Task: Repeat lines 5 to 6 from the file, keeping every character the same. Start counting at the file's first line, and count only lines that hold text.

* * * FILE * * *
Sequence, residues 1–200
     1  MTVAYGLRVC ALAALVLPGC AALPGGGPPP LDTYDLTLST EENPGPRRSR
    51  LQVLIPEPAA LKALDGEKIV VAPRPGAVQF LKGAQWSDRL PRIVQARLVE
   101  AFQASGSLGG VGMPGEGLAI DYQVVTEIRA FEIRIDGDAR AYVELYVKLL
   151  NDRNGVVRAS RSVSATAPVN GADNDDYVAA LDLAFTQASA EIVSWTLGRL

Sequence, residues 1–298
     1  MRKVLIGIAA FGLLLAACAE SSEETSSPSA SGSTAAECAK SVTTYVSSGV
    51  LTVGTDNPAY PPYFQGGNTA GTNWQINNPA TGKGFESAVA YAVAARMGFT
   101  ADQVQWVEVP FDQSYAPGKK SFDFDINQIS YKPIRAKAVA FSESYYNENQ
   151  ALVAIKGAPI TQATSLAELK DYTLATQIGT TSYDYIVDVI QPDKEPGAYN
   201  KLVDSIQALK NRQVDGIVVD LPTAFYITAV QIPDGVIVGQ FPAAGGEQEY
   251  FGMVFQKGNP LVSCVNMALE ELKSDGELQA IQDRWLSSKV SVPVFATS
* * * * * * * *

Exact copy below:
   151  NDRNGVVRAS RSVSATAPVN GADNDDYVAA LDLAFTQASA EIVSWTLGRL

Sequence, residues 1–298